PICT0133Remember that steak you had back in the 1970s? If you were in China this week, you might have seen a cut from the same animal.

Nauseating as that may sound, it’s nothing compared to the reality. China has arrested gangs of smugglers and seized well over 110,000 tons of half-frozen or thawing chicken, beef and pork, some of which have been around for forty years. The frozen meat was being transported into China via Vietnam and Hong Kong in non-refrigerated trucks, thawing. It is then sold to grocery stores, refrozen, and sold to the public.

It’s a burgeoning business – this month alone, Chinese officials confiscated $500 million in frozen meat products. Yet it’s not limited to China. Within the last 12 months, Chinese officials have  stopped the transport of beef from Brazil and even the US.

While it may seem this is a problem limited to China, for US businesses with Chinese operations, it’s a disaster waiting to happen, or, in the case of some US companies, an already real exposure they’re recovering from. In the news earlier this year, McDonald’s, KFC, Pizza Hut and Starbucks were in the news when out-of-date meat products showed up in their stores. Ironically, the supplier was a US-owned meat factory.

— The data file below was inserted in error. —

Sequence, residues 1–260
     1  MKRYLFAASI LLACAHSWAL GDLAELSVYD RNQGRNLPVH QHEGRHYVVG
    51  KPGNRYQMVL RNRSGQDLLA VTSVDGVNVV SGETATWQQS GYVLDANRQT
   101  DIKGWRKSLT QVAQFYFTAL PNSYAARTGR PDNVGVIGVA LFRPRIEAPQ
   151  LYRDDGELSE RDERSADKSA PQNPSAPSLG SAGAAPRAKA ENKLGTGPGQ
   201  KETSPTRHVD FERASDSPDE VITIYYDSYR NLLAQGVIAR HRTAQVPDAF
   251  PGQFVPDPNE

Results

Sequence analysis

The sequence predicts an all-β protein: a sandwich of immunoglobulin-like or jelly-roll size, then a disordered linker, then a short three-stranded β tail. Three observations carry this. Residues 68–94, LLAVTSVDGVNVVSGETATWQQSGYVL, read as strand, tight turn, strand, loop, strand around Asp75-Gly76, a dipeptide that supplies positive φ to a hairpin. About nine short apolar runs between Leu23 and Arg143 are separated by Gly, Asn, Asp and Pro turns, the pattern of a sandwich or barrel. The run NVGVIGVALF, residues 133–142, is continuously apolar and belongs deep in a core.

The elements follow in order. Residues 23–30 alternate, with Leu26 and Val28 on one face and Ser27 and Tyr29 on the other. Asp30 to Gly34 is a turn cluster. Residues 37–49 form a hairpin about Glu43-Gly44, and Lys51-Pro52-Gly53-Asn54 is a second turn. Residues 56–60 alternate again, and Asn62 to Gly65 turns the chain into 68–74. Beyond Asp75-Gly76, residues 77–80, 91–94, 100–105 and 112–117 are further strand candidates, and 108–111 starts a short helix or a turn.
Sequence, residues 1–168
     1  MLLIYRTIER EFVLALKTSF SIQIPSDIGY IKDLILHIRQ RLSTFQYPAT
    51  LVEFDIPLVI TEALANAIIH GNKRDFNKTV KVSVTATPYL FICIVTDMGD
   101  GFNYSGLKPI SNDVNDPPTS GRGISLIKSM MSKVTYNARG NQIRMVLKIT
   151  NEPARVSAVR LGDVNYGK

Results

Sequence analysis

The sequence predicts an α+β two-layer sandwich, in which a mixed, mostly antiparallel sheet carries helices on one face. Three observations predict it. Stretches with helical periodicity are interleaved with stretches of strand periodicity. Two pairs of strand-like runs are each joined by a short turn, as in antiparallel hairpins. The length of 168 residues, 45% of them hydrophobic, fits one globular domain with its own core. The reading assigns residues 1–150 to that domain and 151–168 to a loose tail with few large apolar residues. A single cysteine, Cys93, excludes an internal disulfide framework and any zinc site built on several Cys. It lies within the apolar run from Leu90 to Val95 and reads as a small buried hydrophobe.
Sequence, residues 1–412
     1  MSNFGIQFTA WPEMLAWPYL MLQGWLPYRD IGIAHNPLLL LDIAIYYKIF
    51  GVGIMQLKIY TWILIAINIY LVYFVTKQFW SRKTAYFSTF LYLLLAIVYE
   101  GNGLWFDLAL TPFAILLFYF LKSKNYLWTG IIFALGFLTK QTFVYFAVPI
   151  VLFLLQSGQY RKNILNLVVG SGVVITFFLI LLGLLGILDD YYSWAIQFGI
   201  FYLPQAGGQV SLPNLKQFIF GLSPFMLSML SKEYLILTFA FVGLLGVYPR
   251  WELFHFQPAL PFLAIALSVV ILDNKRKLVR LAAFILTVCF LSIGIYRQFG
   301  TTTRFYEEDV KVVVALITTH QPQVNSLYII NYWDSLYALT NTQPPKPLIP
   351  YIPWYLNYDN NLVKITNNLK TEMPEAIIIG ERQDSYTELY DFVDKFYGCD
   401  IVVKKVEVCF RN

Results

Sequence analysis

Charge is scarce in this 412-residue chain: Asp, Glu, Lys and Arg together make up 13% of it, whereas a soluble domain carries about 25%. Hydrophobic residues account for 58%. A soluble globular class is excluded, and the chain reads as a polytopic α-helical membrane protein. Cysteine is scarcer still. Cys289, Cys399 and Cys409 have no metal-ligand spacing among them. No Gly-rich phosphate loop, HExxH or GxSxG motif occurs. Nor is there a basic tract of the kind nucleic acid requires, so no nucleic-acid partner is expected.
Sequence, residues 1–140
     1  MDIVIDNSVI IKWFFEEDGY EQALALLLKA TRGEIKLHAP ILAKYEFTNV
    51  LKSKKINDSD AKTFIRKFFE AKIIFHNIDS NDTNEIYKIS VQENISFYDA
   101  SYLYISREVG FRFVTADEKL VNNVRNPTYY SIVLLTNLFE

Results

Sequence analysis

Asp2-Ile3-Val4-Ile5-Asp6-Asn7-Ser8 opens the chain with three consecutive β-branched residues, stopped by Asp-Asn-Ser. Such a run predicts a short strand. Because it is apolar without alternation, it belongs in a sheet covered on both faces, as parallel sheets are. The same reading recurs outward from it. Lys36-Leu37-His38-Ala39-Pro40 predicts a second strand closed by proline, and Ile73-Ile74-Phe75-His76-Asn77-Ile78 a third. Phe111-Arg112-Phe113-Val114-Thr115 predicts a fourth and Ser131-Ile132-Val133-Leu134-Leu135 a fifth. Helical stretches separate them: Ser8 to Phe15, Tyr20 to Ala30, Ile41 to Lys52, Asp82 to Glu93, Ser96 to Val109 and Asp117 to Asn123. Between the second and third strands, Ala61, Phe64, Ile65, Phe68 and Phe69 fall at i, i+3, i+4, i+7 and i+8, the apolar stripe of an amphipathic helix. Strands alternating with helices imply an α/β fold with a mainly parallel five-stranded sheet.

Talk about a reputational nightmare.

With so much of our business being conducted a world away, it’s easy to overlook the issues that come with such an arm’s-length business connection. Still, it’s not impossible to manage the risks.

  • Assess the risks
  • Know your suppliers
  • Build solid policies
  • Have someone onsite who’s accountable
  • Know when to move operations or replace substandard suppliers

Risk managers, how do you reduce your offshore risks?

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